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A Look at Virgin Media UK’s Future HUB 4 Gigabit Connect Box Router UPDATE

Wednesday, July 31st, 2019 (12:01 am) - Score 95,347

The forthcoming rollout of cable broadband ISP Virgin Media’s new 1Gbps service (here) – expected to cover the whole of their UK network by 2021 – will be accompanied by a new DOCSIS 3.1 compatible HUB 4 router (aka – Gigabit Connect Box / Connect Box v2) and here’s everything we know about the new device so far.

Liberty Global, Virgin’s parent operator, has already launched their new DOCSIS 3.1 (cable networking standard) powered Hybrid Fibre Coax (HFC) and Fibre-to-the-Premises (FTTP) based Gigabit speed broadband service in several other European counties before the United Kingdom (e.g. Poland and Germany). As such we have a fairly good idea of what to expect over this side of the channel. But first, a recap.

The existing DOCSIS 3.0 based Hub 3.0 router, which is merely a re-branded version of Liberty Global’s Connect Box router (based off an ARRIS TG2492S/CE), has of course had its fair share of problems (e.g. the Intel Puma 6 latency bug) and so subscribers will be keen to move on to its replacement (initially only those on their DOCSIS 3.1 plans will benefit but it is backwards compatible so we can see it filtering down eventually).

NOTE: In Europe the DOCSIS standard is more accurately referenced as EuroDOCSIS.

The replacement, which we first touched on last year (here), seems likely to be the Gigabit Connect Box (aka – Connect Box 2) but this will be rebranded to the Hub 4 and coloured black/red for its launch in the United Kingdom. Until recently we only knew that this device featured 4 x Gigabit LAN ports, 2 x Phone ports (handy for Virgin’s VoIP service) and we understand that the theoretical WiFi peak speed via 5GHz and 2.4GHz combined is over 2100Mbps (not yet confirmed but we know the 5GHz band alone can do 1.3Gbps+ at peak).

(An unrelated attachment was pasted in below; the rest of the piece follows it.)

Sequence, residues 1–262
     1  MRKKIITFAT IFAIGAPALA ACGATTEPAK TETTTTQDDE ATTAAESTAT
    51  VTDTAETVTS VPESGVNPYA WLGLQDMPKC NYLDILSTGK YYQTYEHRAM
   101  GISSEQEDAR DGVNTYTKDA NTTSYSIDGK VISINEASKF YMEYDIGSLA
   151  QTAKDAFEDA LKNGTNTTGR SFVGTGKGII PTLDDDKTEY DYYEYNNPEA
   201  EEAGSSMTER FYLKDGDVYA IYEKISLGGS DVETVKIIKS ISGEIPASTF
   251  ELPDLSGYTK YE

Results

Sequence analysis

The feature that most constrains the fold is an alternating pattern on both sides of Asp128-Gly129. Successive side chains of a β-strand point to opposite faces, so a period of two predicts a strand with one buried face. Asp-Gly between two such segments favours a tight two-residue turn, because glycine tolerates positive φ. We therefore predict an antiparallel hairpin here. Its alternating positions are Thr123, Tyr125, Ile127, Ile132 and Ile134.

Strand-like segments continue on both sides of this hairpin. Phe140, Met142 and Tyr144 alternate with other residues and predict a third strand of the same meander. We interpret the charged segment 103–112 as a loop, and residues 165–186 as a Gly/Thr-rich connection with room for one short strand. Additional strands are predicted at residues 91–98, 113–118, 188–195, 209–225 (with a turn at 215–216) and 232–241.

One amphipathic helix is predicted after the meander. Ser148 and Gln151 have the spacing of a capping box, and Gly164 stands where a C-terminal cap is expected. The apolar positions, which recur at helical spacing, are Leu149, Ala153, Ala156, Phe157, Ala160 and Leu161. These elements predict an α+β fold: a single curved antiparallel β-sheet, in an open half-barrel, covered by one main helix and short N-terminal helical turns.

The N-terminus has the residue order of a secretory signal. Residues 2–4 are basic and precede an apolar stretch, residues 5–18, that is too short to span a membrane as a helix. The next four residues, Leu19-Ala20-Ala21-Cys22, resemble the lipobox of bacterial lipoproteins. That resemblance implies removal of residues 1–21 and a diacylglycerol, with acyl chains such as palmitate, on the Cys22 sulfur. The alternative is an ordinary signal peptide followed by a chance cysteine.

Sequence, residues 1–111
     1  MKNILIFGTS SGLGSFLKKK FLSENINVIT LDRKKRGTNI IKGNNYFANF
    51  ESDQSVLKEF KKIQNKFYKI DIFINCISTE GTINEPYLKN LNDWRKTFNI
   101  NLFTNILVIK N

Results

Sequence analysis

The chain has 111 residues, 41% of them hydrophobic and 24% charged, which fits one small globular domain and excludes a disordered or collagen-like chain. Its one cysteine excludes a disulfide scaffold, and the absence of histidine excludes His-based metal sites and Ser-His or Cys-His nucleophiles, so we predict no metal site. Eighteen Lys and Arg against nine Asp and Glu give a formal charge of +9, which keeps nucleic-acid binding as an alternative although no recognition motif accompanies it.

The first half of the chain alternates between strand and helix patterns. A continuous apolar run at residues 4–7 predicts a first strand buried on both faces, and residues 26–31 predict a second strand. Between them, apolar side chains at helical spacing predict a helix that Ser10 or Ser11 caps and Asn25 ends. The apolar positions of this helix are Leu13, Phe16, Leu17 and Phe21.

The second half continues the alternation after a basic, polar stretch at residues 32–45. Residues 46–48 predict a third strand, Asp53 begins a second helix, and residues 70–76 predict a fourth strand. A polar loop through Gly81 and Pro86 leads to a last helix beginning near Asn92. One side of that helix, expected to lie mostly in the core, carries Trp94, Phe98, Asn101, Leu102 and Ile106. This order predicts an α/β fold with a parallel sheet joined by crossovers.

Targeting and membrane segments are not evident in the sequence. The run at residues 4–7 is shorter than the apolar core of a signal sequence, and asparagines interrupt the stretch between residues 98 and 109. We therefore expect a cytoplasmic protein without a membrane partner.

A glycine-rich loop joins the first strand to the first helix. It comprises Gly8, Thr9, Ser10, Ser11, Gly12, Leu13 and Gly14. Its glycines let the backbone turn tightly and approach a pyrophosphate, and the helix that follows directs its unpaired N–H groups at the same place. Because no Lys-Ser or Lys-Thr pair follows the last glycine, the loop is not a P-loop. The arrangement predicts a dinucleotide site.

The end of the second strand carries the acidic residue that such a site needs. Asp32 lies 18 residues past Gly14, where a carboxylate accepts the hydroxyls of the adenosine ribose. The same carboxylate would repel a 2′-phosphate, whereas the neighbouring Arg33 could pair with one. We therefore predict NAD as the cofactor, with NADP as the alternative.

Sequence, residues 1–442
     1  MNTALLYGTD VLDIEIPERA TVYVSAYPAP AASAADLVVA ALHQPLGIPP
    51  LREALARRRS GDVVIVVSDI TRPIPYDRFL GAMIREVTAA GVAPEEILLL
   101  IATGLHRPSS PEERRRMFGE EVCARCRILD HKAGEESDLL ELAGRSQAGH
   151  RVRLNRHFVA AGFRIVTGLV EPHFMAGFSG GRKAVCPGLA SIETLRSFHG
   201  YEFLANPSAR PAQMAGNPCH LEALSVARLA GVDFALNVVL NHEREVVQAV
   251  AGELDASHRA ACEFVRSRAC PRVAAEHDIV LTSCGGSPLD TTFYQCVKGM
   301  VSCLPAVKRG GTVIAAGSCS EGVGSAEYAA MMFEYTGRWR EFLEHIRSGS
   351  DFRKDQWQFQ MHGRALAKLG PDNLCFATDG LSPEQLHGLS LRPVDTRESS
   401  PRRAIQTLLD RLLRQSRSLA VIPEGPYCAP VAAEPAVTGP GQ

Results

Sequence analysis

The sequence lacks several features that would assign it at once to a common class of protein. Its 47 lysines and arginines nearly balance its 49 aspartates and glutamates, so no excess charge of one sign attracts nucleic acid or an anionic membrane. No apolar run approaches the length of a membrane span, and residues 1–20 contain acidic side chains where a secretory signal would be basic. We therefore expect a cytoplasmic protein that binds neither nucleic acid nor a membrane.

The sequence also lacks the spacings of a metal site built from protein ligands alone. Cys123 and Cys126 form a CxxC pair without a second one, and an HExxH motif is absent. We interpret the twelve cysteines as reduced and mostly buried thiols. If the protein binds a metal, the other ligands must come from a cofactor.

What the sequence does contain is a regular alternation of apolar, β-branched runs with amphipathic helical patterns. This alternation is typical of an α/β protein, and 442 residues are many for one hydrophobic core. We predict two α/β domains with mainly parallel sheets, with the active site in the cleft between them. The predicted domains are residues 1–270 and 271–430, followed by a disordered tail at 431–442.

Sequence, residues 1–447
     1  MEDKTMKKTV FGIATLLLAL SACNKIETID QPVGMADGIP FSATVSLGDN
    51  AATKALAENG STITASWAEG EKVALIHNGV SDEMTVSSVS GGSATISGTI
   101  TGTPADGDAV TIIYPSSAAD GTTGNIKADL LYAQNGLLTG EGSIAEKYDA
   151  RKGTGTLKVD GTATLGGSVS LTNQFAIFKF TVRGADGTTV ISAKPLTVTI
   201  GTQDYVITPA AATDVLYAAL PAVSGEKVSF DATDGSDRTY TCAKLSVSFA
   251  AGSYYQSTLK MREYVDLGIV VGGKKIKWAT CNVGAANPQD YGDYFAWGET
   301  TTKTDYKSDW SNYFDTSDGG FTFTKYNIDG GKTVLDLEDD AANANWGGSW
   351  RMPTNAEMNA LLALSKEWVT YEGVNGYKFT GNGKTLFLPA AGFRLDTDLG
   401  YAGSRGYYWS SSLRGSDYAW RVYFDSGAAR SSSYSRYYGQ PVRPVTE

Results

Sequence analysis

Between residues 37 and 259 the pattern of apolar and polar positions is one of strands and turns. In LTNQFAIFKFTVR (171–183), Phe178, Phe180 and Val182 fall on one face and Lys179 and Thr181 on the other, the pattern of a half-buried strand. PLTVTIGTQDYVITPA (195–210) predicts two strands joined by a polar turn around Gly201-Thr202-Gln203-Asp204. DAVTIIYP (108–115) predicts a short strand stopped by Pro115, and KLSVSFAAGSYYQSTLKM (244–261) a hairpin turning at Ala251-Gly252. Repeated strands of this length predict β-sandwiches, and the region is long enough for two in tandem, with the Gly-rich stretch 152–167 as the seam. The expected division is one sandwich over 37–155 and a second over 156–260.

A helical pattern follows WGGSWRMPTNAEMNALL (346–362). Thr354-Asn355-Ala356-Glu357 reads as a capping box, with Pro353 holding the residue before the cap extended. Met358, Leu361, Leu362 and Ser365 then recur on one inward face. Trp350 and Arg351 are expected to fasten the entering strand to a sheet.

gigabit connect box router liberty global uk

Since then we’ve been able to confirm that this is in fact based off Arris’s Touchstone TG3492 Telephony Gateway router, which in the United Kingdom has been given the model code of TG3492LG-VMB. The unit is a custom model and so you won’t find it listed on Arris’s website, which has made it difficult to know what the exact specifications are (Virgin won’t say) but we do have a few new details beyond those mentioned above.

So far as we’ve been able to confirm the Hub 4 also features an Intel Puma 7 (CE2752) CPU, can handle 32×8 bonded channels on DOCSIS 3.0 and 2×2 OFDM and OFDMA on DOCSIS 3.1, supports 3×3 MIMO on 2.4GHz WiFi (802.11n) and 4×4 MIMO on 5GHz (802.11ac Wave 2 – 1.3Gbps), 512MB of NAND flash memory and 1GB of DDR3L random access memory. Apparently it has a total of 10 or 11 internal antennas (we’ve seen both figures stated).

Judging by these specs the Gigabit Connect Box (Hub 4) is a very close match for Arris’s TG3442 router (except for the inclusion of a USB 3.0 port and a few other smaller differences – design etc.), which is in the public domain.

NOTE: The Gigabit Connect Box has an idle power consumption of 12.0 Watts and 15.3 Watts under standard load. Dimensions are 205 mm x 116 mm x 91 mm.

At this point we note that Liberty Global in Germany did in fact launch two DOCSIS 3.1 routers – AVM’s similarly featured FRITZ!Box 6591 Cable router (2533Mbps WiFi speed – Intel chipset) and their Gigabit Connect Box. However this only occurred in Germany because of a law that requires some extra flexibility in router choice and, so far, our sources have only seen the black Gigabit Connect Box being tested in the UK.

One other bit of new information that might be interesting for our readers is that Virgin’s 1Gbps tier will come with an upload speed of just 50Mbps (seen in UK testing), which is in keeping with elsewhere in Europe. Virgin have recently been upgrading their sub-500Mbps plans to a 10:1 ratio of download to upload speed (here) but they’d probably struggle to do more than 50Mbps right now on the new 1Gbps tier.